Kudrin: 'Our capital market is still a weak link'
With the Russian financial system having been exposed during the global financial chaos of a year ago, and kept on life support through state intervention since then, the key government member responsible for it was not in a mood to be gentle.
Alexei Kudrin pulled no punches and placed no rosy view on the nations feeble financial infrastructure, chaotic banking sector, and multitude of often nefarious banking players, and sounded a note of warning once again over the implications this had for the national economy, currency, and the ability of the real economy to access funding it needs, as the global economy rebounded and global interest rates moved higher.
"For the moment, in this global economy our capital market is still a weak link,"
"Volatility will be felt on our equity markets, in our currency exchange rate and in our trade balance."
As the main driver of an upcoming sovereign bond issue flagged as high as $18 billion, Kudrin was an authoritative voice when he noted that governments would become soon become significant borrowers in global capital markets and that when they did this would put significant strain on the global financial system, and that Russia would be likely to face a capital outflow.
"As soon as they begin raising the rates, the emerging markets – and Russia is one of these – will lose part of their capital."
Russian state owned development bank Vnesheconombank, or VEB, continued a role it has been playing for the last 15 months of lifeguard for the financial sector, emergency lender of last resort for those who borrowed in the global markets – because the Russian one couldn’t access the funding they need – and guardian of tomorrows economy. It has promised to inject around $2 billion to support small and medium size businesses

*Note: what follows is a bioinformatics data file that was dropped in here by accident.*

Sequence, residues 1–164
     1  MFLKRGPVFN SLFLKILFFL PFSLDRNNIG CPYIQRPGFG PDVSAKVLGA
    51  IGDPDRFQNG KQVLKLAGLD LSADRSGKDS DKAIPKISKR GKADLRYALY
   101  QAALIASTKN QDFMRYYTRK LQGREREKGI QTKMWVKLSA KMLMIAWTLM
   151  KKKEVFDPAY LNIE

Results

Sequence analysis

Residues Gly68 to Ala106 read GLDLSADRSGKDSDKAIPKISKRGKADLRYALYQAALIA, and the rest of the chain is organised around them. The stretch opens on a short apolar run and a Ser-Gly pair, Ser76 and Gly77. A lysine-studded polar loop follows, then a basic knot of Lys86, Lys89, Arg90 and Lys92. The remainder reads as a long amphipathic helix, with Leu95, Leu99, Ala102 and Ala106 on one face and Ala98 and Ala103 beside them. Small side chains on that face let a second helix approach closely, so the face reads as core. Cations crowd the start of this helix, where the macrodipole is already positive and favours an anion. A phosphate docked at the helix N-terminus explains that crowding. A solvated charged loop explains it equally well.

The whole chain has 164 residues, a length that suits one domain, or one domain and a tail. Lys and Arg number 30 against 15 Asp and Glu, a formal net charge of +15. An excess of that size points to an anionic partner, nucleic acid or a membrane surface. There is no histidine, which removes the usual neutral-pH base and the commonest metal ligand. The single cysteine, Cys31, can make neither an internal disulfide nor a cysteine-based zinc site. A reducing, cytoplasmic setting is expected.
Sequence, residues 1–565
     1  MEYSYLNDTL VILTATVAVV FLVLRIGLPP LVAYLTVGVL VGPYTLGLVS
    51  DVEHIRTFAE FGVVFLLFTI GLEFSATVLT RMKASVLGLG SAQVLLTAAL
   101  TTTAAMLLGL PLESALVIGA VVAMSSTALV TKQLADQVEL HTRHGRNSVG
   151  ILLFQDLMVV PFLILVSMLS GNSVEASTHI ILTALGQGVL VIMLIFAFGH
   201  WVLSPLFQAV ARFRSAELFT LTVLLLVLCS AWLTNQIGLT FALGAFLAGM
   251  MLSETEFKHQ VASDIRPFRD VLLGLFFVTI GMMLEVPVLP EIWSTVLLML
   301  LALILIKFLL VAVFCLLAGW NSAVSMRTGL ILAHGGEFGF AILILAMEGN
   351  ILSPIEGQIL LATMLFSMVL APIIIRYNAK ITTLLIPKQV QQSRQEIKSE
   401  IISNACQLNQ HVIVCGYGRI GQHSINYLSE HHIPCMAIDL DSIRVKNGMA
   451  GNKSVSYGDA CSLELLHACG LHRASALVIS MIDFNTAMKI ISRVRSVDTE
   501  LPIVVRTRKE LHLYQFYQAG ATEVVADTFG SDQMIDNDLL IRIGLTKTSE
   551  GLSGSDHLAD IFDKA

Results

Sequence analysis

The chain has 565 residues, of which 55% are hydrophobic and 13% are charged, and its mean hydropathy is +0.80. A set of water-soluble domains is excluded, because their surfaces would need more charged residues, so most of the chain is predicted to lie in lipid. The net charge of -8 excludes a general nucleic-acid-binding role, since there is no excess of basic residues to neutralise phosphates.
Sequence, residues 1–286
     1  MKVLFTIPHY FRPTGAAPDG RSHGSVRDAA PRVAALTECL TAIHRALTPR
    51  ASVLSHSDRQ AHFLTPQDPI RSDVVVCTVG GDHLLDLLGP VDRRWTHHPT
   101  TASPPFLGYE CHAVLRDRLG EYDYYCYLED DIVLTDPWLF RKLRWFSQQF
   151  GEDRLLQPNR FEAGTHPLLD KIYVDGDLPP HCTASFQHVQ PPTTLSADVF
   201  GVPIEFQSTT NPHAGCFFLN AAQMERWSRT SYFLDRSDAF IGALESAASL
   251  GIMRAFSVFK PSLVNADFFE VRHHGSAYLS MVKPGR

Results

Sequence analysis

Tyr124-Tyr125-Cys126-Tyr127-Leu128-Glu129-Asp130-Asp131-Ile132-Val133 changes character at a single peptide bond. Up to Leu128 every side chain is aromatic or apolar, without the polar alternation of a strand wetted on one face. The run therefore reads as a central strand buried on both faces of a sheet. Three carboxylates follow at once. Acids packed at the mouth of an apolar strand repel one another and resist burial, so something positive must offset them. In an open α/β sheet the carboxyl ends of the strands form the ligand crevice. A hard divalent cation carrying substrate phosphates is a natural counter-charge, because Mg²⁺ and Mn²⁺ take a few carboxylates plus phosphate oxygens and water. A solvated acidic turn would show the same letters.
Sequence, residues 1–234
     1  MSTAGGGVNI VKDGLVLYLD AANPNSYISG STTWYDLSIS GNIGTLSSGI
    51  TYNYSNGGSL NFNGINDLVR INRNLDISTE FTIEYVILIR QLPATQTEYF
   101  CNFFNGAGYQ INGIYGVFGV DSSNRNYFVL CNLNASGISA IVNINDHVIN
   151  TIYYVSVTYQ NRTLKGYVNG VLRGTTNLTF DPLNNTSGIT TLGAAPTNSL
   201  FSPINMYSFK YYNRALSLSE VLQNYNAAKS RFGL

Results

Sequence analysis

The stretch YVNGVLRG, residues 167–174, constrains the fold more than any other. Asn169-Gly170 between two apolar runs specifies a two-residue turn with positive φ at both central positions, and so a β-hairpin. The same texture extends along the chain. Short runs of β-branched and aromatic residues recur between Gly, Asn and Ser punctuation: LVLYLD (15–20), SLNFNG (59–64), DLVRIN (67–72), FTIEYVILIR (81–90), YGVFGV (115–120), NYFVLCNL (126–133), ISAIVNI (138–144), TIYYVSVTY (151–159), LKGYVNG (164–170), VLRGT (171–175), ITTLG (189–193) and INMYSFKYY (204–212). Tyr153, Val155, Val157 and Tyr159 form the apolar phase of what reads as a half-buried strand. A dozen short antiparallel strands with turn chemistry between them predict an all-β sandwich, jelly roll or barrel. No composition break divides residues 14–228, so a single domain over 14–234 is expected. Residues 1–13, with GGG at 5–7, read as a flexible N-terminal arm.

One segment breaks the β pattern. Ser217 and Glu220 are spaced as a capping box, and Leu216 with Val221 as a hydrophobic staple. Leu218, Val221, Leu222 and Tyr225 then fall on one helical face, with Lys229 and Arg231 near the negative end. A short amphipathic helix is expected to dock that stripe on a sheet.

Andrey Sharonov, Executive Director at leading Russian investment bank, Troika Dialog, noted that with the systemic weaknesses of the Russian banking system, it was vital VEB play an active role.
“Institutions of economic development should compensate this lack of basic institutions, should mitigate risks of investors, should increase the attractiveness of the Russian economy, and finally should provide, together with private investors, some resources for this project to be implemented.”
The European Bank for Reconstruction and Development, announced it would place €1 billion into Russian nanotechnologies, as well as provide Russian banks with €500 million to lend to smaller businesses. Head, Thomas Mirow also provided advice on minimising economic volatility of the type the Finance Minister was referring to when calling for deeper domestic capital markets.
“Certainly an effort to deepen local capital markets in Russia, so providing the possibility, for instance, for Small and medium sized companies to borrow in roubles instead of dollars which would mean that Russia would create a solid framework, for instance, for pension funds to invest into a local capital market.”
The conference, intended to focus on the modernisation of Russia’s economy, shone light on a key pressure point that is likely to wilt and short circuit any economic diversification unless it is addressed. And with major global central banks now starting to look to the upside on their interest rate settings, the time to take heed of the Finance Ministers warnings, before its too late, is rapidly drawing to a close.